arrays have an associated size in OWL. Arrays can either be statically sized, or dynamically sized. Statically sized arrays cannot be resized but an explicit size variable does not need to be stored. Static arrays are implemented as a simple pointer. Dynamically sized arrays are stored with a pointer to the first element as well as a size of the array. This implies that dynamic arrays have an overhead of an additional 64-bit 'size' member over the statically typed arrays.

// stored as 5 elements of integers
int[5] staticArray = [1,2,3,4,5]   

// stored as pointer to array of integers, and a 'long' size variable
int[] dynamicArray = [1,2,3,4,5,6]  

printf("my static array has %d elements", staticArray.size)
printf("my dynamic array has %d elements", dynamicArray.size)

dynamicArray[0] = 50
staticArray[0] = 10

It can be seen that static arrays and dynamic arrays are used identically. The difference comes when storing in structs or passing to, and returning from functions

struct MyStruct {
    char[32] staticArray     // exactly 32 bytes in MyStruct
    char[] dynamicArray      // exactly 16 bytes in MyStruct (8 for pointer, 8 for array size)
}

Function Overloading and Default Parameters

Functions can be overloaded in OWL by parameter type. Additionally, function parameters can be given default values. If some arguments are not provided, then the default value will be used.

int sub(int i) {
    return -i
}

int sub(int i, int j) {
    return i - j
}

int add(int i = 0, int j = 0) {
    return i + j
}

sub(5)      // calls first version of 'sub'
sub(5,6)    // calls second version of 'sub'
add()       // valid, returns 0 (i=0, j=0)
add(1)      // valid, returns 1 (i=1, j=0)
add(1, 2)   // valid, return 3  (i=1, j=2)

Tuples

Tuple provide a way to combine multiple data types into a single record without providing an explicit type name. Due to limitations of static typing, tuples will be more like unnamed structs than true tuples of dynamic languages. This means that indexing can only be done with static integers. This is because in a statement like

[int, char^] myTuple 
...
var myvar = myTuple[i]

It is impossible to statically resolve a type for 'myvar', which will be either int or char^ depending on if the index 'i' is 0 or 1. In the future, it may be possible if all types in the tuple are of a uniform type:

[int, int, int] myIntTuple
...
int myvar = myIntTuple[i]

Or if all members of the tuple are convertible to the destination type:

[char, int, float] myNumberTuple
...
float mydest myNumberTuple[i]

This last case may be exceedingly difficult, to calculate the correct tuple memory location of the member, and convert to the correct destination type at runtime.

Tuple Syntax

Tuple declarations will be denoted by surrounding [ ]

[int,int,float] myTuple
myTuple = [5, 1, 2.3]

Tuples can be implicitly converted to a struct with an identical signature.

struct MyStruct
{ 
    int i
    float j
}

...

[int, float] myTuple = [1, 2.2]
MyStrct st = myTuple

This would also have the benefit of allowing structs to share a common syntax as tuples in declarations.

MyStruct s = [1, 2, 3]
[int,int,int] i = [1, 2, 3]

Tuple return

multiple values can be returned in a tuple.

[int,int] tupleReturner()
{
    return [1,2]; 
}

...

[int,int] pair = tuplerReturner()

Tuple unpack

Tuples can be unpacked onto multiple variables

[int, int] pair = [1,2]
int a
int b
[a,b] = pair

All members of the left hand tuple must be LValues.

Switch Statements

Switch statements in OWL provide a way to select among many outcomes depending on the value of a variable. Cases can be combined to allow many values to map to the same outcome. When a subsequent case is encountered, control immediately exits the switch. There is no fall-through. Currently, there is no 'default' statement, the default outcome is that which proceeds any other provided cases.

switch(days) {
    printf("very slow")

    case 0
        printf("very fast")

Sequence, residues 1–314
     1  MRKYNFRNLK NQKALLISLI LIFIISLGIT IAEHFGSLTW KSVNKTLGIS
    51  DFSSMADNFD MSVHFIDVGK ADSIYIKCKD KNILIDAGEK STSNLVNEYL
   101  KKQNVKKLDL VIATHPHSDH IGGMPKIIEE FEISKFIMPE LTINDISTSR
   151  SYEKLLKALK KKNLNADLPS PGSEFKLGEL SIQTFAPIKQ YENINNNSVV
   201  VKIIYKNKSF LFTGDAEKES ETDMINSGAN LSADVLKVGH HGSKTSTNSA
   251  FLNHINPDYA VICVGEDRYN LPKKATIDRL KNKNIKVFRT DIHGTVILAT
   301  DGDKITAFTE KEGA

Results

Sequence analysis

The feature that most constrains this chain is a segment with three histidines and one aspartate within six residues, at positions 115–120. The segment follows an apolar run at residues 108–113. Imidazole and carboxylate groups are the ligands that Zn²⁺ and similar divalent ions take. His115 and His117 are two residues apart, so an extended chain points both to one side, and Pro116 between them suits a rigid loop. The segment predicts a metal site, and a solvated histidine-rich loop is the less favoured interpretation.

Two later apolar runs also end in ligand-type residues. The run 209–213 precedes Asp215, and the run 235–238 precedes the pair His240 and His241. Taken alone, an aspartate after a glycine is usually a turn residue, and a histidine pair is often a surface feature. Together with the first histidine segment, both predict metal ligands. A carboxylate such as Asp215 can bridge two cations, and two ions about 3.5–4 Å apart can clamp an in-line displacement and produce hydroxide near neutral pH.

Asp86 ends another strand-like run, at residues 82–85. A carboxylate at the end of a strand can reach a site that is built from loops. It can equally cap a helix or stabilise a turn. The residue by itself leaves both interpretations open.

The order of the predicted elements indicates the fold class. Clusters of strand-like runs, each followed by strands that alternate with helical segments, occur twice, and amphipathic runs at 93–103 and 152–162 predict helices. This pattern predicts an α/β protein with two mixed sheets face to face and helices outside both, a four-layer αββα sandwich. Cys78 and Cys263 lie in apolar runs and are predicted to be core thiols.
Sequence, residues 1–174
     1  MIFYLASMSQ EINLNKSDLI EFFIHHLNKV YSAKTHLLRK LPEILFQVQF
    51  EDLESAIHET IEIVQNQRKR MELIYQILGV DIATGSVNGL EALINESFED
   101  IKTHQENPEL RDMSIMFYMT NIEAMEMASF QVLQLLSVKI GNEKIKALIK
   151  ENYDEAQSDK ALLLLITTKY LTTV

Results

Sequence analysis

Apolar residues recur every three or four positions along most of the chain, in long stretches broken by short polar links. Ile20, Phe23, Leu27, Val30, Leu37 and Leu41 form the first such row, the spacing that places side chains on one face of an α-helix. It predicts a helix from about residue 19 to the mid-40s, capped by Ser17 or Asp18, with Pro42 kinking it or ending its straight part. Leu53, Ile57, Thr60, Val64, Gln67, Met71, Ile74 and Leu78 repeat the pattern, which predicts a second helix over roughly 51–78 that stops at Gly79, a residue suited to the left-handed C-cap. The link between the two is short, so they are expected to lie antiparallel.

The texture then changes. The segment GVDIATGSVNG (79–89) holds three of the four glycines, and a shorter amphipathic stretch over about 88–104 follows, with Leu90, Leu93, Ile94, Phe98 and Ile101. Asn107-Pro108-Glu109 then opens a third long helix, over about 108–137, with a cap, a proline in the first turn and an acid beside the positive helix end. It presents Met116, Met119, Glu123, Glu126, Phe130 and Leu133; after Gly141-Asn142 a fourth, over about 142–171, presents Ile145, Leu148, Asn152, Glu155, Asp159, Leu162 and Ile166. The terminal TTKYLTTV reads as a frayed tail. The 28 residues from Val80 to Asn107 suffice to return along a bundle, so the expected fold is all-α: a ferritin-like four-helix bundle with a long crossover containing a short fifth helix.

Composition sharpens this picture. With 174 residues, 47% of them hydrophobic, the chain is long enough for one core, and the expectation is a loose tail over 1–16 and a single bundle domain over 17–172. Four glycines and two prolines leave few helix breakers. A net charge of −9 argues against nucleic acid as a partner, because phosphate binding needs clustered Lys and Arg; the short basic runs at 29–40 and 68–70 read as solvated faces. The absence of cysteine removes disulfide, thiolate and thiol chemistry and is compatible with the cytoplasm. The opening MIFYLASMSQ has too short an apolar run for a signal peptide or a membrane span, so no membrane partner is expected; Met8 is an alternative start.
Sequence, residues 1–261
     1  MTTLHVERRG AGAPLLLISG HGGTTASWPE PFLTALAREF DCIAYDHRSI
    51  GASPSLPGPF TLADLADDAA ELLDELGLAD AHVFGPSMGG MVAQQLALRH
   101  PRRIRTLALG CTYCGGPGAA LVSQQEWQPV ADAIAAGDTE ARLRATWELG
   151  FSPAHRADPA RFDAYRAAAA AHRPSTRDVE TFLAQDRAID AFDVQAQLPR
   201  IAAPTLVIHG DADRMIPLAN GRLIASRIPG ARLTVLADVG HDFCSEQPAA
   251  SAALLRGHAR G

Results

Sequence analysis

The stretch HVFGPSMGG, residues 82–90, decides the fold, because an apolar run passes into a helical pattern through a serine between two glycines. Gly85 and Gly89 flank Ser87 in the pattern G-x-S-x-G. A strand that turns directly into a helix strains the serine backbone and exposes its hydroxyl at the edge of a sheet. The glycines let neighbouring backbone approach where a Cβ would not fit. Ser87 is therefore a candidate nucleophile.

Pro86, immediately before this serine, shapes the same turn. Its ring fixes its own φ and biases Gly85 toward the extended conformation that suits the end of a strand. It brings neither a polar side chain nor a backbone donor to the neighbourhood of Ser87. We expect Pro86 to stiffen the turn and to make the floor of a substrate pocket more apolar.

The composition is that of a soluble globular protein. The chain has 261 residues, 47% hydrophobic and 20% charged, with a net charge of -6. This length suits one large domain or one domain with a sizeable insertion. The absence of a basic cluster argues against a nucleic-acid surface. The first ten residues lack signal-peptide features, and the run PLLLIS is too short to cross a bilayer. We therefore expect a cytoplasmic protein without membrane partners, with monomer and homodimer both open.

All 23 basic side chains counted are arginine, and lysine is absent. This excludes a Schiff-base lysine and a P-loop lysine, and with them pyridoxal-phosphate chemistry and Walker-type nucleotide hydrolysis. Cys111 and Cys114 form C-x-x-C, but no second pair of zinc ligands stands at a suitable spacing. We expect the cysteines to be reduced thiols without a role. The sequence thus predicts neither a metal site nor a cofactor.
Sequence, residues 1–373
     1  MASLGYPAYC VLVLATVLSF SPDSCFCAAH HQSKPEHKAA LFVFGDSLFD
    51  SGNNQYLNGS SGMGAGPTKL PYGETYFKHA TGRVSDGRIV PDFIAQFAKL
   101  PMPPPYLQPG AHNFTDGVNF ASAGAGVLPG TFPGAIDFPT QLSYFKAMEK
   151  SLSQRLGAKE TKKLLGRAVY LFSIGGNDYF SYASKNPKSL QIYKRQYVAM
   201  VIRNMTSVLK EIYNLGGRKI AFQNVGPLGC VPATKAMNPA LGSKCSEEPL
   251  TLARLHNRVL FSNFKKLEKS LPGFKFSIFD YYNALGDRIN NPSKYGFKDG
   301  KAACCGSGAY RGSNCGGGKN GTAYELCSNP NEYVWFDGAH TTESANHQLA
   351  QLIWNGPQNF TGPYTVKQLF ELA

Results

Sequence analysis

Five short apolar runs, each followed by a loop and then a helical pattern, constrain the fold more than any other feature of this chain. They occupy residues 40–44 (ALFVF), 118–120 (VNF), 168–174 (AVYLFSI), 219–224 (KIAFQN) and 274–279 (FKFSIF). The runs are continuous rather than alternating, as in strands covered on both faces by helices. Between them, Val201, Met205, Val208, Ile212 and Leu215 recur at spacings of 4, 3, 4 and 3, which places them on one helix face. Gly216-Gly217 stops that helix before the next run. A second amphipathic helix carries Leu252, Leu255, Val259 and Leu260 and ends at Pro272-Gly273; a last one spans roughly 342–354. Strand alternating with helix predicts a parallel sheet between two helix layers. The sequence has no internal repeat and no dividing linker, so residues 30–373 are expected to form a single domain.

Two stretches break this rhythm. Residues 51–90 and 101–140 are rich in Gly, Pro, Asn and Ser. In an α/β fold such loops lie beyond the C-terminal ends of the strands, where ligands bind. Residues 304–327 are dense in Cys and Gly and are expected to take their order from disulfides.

case 1,2,3
        printf("pretty standard")
}

Modules

Each code file is a module. Symbols defined in a module may be used in another module by using an 'import' statement.

import "myModule.wl"

Importing defines the symbol of the imported module to be used within the importing module. Modules will only be evaluated once, regardless of the number of other modules which import it.

The current module handling is fairly simple and likely to change in the future.

'Use' statement

use statements enable specific compiler extensions, or modify language syntax. When complete, use statements will likely have a syntax of

use extensionName

Currently, they are enabled by

use "extensionName"

Extensions can have various effects ranging from syntactical preference (substituting symbols), to declaring new keywords, types, and behaviour.

Extensions only affect the module they are declared in. 'use' extensions should not destructively modify the behaviour of the compiler, and Modules with 'use' extensions should be able to interface with those without.

Standard libraries will not include any 'use' statements.

See the 'Ideas' document for some examples of possible 'use' extensions.

There may be a set of extensions that are required for a 'conforming' compiler, and a 'embedded' standard can be created that does not have the extensions.

Current 'Use' Extensions

importc

Used to enable the 'import(C)' construct, which allow importing symbols from a C header. import(C) allows most C symbols to be imported and used. This includes function declarations, global variables, macro constants, and typedefs.

While import(C) works for most cases, unfortunately some more complicated preprocessor macros can not be used. Currently functional macros and macros that contain complex expressions cannot be parsed and are ignored.

implicit_this

Allows class members to be referenced without indexing 'this' or using a unary dot operator

with implicit this:

use "implicit_this"

class MyClass {
    int member

    int myFunc(){
        return member
    }
}

without:

use "implicit_this"

class MyClass {
    int member

    int myFunc(){
        return .member
    }
}

Building And Installing

Linux

For linux, a Makefile is provided. WLC requries the following to build:

  • LLVM (3.4 - 3.6)
  • g++
  • zlib
  • curses (for LLVM)
  • libdl

after running 'make', 'make install' may be run. The Makefile is hardcoded to install wlc to /usr/local/bin, any OWL libraries to /usr/local/include/wl, and to copy the vim syntax file to ~/.vim/syntax.

Windows

A Visual Studios project file is provided in the win32 directory. For Windows, the libclang source must be availible to compile.

For more information, view the WIN32_README.md file in the win32 directory.

A Windows Binary is available for download here (commit "dc366a17" Feb 13 2015)

OSX

WLC is likely to compile on OSX using the provided Makefile with minor modification. In the past, I have successfully compiled WLC on OSX, and ran a simple test program. Unfortunately, WLC has not been tested or fully ported to OSX.

In the current state, WLC should be able to compile pure OWL code, but importing C headers is almost certain to fail.

A proper OSX port can be created on request.

Contact

For more information, contact me at:

email: b (dot) surmanski (at) gmail (dot) com

twitter: bsurmanski